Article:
Lane met with OU's athletics council on Thursday, wowing them with his enthusiastic personality, and was offered the job the next day, April 6, 1973.

"He was so thrilled to be back here," said Jan Lane Warner, Lane's widow.

OU point guard Mike McCurdy, who also hailed from Purcell, had just completed his sophomore season and was thrilled.

"In Purcell, he was always considered a legend," McCurdy said. "I felt like I had a little of an inside track with him."

Lane took over a good program from MacLeod. Alvan Adams had just finished his freshman year and already was a dominant center. Good players were around him. The Sooners had gone 18-8 in MacLeod's final year.

"Lester, when we had our first meeting, he was so enthusiastic," McCurdy said. "Had such a desire for OU basketball, to take it to the next level."

Lane liked to play fast. Wanted the Sooners to go up-tempo, which would have fit well with the mobile Adams.

Lane put the Sooners through rigorous offseason conditioning. McCurdy recalls climbing the steps at Memorial Stadium while carrying 100 pounds of weights.

"Your legs would be on fire," McCurdy said. "He made us work hard. We were going to be in shape. We were going to press a lot and run.

"He knew talent. He knew how to win. I think it would have been exciting."

The Lanes bought a house on Macy Street, a few blocks east of campus, and began renovations.

They finally moved in the first week of September. Lester Lane spent one night in his new home.

* * *

The Olympic basketball trials in those days were a tournament. Eight teams, with the winner getting to fill the majority of the U.S. roster.

The teams were the NCAA champion (Ohio State), two NCAA all-star teams, the NAIA all-stars, an armed forces team and three AAU squads, including the Phillips 66ers, who had added Lane to their roster.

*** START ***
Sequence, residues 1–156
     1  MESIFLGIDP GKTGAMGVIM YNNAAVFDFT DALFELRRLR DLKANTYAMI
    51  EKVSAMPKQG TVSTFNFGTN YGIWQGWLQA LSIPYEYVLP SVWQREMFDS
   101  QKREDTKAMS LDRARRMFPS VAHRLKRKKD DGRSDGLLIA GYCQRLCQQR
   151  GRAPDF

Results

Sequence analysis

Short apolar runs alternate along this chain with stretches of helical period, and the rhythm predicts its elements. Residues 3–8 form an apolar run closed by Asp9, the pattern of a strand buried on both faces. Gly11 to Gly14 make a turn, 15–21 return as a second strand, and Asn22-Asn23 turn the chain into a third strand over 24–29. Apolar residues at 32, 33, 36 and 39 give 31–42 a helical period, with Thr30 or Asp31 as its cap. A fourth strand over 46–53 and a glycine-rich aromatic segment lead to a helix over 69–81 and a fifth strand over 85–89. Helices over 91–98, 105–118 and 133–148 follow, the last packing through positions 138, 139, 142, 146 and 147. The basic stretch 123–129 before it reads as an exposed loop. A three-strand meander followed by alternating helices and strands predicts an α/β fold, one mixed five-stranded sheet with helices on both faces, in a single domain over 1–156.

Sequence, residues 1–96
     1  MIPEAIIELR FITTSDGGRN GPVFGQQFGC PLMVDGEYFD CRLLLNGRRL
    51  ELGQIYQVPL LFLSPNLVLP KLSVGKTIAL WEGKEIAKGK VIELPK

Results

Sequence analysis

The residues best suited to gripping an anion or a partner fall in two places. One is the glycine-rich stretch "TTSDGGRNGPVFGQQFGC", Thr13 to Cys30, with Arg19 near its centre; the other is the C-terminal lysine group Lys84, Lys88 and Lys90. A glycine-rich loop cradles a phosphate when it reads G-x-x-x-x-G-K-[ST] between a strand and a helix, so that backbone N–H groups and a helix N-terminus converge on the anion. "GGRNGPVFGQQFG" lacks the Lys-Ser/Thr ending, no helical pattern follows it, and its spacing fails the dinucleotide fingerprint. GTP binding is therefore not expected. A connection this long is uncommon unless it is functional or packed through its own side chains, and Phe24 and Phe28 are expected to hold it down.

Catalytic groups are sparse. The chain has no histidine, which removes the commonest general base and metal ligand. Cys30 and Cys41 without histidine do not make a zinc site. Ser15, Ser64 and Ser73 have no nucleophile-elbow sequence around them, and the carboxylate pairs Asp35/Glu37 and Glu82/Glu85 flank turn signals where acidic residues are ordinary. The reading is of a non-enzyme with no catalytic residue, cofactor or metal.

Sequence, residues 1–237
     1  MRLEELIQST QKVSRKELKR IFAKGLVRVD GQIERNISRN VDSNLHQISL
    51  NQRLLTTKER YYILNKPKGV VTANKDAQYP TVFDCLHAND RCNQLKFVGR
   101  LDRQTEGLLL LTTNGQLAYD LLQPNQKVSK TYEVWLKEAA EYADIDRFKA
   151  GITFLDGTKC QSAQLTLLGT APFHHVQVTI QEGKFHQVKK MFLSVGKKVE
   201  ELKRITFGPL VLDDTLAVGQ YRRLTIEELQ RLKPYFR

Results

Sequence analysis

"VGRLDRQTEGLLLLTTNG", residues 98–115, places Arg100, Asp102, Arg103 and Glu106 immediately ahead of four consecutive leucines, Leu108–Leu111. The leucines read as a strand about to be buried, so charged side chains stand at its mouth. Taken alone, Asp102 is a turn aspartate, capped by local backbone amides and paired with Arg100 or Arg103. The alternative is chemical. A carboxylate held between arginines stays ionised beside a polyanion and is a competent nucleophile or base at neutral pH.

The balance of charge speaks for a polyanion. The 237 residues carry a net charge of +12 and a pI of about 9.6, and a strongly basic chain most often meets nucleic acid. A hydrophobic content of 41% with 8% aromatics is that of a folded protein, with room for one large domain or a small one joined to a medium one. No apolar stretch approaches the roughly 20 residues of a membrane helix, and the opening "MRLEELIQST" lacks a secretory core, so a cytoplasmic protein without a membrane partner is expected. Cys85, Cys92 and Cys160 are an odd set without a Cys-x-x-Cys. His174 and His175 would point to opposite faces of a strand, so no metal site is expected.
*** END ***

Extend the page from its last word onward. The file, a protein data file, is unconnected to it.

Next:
For the first time in history, the NCAA all-stars won the tournament with the likes of Robertson and West, two of the 10 best players God ever made.

The Olympic roster was filled out with additions like Lucas off the Ohio State team, and Boozer off the Peoria Caterpillars (AAU), and little Lester Lane off the 66ers.

The team met for a 10-day training camp at West Point, N.Y., then headed for Europe.

Jan Lane Warner didn't get to go to Rome. "We were poor," she said. "We didn't have the money to go."

But Lester regaled her with stories. Lane flew over on a plane with Wilma Rudolph and Cassius Clay (Muhammad Ali). "He thoroughly enjoyed it," she said. "He said Cassius Clay was very entertaining on that flight."

Olympic coach Pete Newell settled on a lineup. Lucas and Dischinger down low, West and Robertson on the wings, and Lester Lane at the point.

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by Berry Tramel
Berry Tramel, a lifelong Oklahoman, sports fan and newspaper reader, joined The Oklahoman in 1991 and has served as beat writer, assistant sports editor, sports editor and columnist. Tramel grew up reading four daily newspapers — The Oklahoman,...